S’pore and UK share view that trade blocs should remain open

Foreign ministers also agree on need for early conclusion to Gatt talks

THE present trend in forming regional trading blocs should not result in greater protectionism – this is the common view of Singapore and Britain, the Foreign Ministry said.

Such blocs should instead remain open to each other and help strengthen the multilateral trading system, it said in a statement yesterday, following a discussion between Foreign Minister Wong Kan Seng and visiting British Foreign Secretary Douglas Hurd.

Both countries also felt strongly that this process would be facilitated by an early conclusion of the Uruguay Round of the General Agreement on Tariffs and Trade (Gatt), the statement added.

This point was reiterated by Mr Hurd in his lecture yesterday on Britain in the Modern World, organised by the Institute of Policy Studies and British High Commission at Raffles Hotel.

“For our two islands – one misty and northern, the other steamy and equatorial – insularity is not an option,” he told his audience.

Within the European Community (EC), Britain fought the hardest to maintain an “open, liberal, outward-looking community”.

Britain had also negotiated hard to ensure that the Single European Market did not become an excuse for the creation of an isolationist “Fortress Europe”, he added.

He said the EC and Asean had worked to ensure that disputes between individual countries “should not interrupt the fuller development of links” between the two organisations.

He stressed that maintaining free world trade was vital and that “protectionism prevents trade and prevents wealth creation”, adding that countries had to bring down existing barriers.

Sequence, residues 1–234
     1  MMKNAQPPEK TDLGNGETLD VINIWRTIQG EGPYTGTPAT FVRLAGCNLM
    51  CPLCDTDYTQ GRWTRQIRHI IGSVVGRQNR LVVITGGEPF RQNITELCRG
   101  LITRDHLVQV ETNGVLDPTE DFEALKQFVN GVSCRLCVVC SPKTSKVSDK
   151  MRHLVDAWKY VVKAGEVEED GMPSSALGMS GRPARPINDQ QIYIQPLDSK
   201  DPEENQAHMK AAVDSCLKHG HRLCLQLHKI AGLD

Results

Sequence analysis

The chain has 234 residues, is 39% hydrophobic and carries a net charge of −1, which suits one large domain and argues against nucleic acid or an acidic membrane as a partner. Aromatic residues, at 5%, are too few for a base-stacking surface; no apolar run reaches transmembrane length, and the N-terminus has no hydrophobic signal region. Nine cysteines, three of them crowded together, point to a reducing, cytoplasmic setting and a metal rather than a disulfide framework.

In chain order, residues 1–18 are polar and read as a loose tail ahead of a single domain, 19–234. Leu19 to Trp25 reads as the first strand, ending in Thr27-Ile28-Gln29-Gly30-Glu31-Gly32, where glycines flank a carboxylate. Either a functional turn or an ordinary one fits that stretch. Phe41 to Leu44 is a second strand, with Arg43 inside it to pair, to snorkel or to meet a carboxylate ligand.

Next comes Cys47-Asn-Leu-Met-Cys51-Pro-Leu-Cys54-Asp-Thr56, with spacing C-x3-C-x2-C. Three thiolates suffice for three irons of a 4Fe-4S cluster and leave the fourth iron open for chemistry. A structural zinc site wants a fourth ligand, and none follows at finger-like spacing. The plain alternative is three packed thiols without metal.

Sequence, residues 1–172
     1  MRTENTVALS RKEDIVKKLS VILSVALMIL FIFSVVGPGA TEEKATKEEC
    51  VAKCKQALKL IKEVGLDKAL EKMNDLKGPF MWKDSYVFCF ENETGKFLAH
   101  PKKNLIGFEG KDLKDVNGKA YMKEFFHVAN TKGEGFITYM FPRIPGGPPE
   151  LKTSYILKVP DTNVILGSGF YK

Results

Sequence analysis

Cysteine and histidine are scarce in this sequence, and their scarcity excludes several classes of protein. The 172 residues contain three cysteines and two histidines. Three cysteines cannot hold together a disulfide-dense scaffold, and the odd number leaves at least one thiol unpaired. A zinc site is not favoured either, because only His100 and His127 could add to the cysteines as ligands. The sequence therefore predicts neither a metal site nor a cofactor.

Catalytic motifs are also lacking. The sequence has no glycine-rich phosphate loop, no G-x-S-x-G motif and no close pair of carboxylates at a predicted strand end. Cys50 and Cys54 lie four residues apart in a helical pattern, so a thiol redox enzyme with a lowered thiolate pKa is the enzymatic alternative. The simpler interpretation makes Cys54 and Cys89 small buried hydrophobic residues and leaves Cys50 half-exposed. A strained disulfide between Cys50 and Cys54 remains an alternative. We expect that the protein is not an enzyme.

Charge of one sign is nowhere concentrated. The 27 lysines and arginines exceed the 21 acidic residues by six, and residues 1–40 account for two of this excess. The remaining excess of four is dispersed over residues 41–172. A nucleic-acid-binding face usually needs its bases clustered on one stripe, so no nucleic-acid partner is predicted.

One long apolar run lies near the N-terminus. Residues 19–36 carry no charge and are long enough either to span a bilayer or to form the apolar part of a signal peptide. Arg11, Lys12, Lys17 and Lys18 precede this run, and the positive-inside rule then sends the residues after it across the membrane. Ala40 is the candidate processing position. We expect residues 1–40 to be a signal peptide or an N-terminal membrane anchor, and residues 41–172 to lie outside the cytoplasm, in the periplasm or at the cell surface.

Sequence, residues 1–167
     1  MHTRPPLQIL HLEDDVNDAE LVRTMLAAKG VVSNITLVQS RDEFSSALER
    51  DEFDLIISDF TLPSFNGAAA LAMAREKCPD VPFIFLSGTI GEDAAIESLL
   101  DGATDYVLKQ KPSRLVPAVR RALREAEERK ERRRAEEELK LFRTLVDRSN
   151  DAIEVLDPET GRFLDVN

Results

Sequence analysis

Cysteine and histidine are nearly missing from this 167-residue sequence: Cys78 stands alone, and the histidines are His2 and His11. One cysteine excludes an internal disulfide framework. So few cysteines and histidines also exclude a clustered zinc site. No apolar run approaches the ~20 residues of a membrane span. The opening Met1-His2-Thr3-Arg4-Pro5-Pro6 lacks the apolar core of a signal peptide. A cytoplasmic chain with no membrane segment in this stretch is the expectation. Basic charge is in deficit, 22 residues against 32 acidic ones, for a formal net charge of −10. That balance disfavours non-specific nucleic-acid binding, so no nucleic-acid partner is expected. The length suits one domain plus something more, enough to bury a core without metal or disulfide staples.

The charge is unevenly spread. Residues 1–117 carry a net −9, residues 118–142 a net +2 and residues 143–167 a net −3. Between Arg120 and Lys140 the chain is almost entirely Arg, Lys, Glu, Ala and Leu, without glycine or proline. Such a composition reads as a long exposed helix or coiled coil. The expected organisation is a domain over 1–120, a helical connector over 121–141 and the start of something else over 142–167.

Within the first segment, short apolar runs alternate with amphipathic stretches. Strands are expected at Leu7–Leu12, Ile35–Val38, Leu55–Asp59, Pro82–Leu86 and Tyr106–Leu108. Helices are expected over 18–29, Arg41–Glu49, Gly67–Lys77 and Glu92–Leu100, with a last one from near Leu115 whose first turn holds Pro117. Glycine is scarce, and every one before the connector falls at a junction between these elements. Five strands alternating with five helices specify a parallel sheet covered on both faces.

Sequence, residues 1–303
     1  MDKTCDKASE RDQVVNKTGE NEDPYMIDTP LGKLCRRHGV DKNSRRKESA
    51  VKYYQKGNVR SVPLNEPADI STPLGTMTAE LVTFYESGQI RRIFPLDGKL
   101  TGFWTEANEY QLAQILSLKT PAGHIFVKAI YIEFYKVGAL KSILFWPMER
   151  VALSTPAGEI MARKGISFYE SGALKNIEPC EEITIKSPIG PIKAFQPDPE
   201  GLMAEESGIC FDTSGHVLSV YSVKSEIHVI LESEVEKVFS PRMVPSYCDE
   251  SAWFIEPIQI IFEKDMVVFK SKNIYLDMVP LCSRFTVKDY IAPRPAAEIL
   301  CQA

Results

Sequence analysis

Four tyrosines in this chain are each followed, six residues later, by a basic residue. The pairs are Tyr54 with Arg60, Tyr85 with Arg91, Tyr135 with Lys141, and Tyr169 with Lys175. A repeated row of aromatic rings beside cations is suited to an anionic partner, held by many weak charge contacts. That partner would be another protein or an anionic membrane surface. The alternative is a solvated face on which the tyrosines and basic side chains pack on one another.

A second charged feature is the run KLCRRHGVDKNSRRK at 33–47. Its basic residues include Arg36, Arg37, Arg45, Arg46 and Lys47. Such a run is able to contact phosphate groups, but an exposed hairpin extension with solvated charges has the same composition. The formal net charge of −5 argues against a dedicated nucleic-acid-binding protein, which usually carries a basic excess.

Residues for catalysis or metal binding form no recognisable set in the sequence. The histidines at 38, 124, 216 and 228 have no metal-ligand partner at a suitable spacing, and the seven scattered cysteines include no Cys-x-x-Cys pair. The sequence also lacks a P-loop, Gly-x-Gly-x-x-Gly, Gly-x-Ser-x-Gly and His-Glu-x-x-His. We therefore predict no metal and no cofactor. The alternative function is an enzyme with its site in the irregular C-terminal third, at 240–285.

“The successful conclusion of the Uruguay Round of Gatt talks continues, therefore, to be a priority,” he stressed.

The Group of Seven summit, he said, would give a push to the stalled Gatt negotiations.

The benefit of maintaining open markets was reflected in Singapore’s economic success, he said.

“You cannot, like some other economies, rely upon your domestic market. You cannot even, like some others, rely upon your immediate regional market.

“Instead, you have chosen to rely upon the world market – on markets on the other side of the world. That brings with it a global vision, and a rejection of the parochial view,” said Mr Hurd, who is here on a two-day visit as a guest of Mr Wong.

During his visit, Mr Hurd held discussions with Prime Minister Goh Chok Tong, Trade and Industry Minister S. Dhanabalan and Mr Wong.

According to the Foreign Ministry statement, both Mr Wong and Mr Hurd exchanged views on developments in China, the Sino-British negotiations on Hongkong, the post-election situation in Cambodia, developments in Vietnam and the situation in Myanmar.

They also discussed Bosnia and the Group of Seven summit in Tokyo.

They noted that relations between Singapore and Britain were problem-free but felt that bilateral economic relations could be further intensified.

In this regard, Mr Wong asked Mr Hurd to encourage British businessmen to plug into growth regions of the world, especially the Asia-Pacific.

Mr Wong welcomed Mr Hurd’s suggestion that British businessmen enter into joint ventures with Singaporeans to invest in China, Vietnam and other parts of the region.

Mr Hurd left for Tokyo last night.

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